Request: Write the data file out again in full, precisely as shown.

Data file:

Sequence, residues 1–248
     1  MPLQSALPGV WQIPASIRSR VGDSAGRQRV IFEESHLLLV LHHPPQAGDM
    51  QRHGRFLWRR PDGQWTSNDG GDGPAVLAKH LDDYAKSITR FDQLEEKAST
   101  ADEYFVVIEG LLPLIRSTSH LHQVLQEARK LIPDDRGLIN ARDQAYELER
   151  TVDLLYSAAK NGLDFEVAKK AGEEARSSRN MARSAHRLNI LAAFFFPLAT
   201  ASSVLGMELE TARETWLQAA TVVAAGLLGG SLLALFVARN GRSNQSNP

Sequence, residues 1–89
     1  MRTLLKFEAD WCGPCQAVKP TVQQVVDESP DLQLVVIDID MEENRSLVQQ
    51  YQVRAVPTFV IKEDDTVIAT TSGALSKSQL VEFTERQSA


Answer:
Sequence, residues 1–248
     1  MPLQSALPGV WQIPASIRSR VGDSAGRQRV IFEESHLLLV LHHPPQAGDM
    51  QRHGRFLWRR PDGQWTSNDG GDGPAVLAKH LDDYAKSITR FDQLEEKAST
   101  ADEYFVVIEG LLPLIRSTSH LHQVLQEARK LIPDDRGLIN ARDQAYELER
   151  TVDLLYSAAK NGLDFEVAKK AGEEARSSRN MARSAHRLNI LAAFFFPLAT
   201  ASSVLGMELE TARETWLQAA TVVAAGLLGG SLLALFVARN GRSNQSNP

Sequence, residues 1–89
     1  MRTLLKFEAD WCGPCQAVKP TVQQVVDESP DLQLVVIDID MEENRSLVQQ
    51  YQVRAVPTFV IKEDDTVIAT TSGALSKSQL VEFTERQSA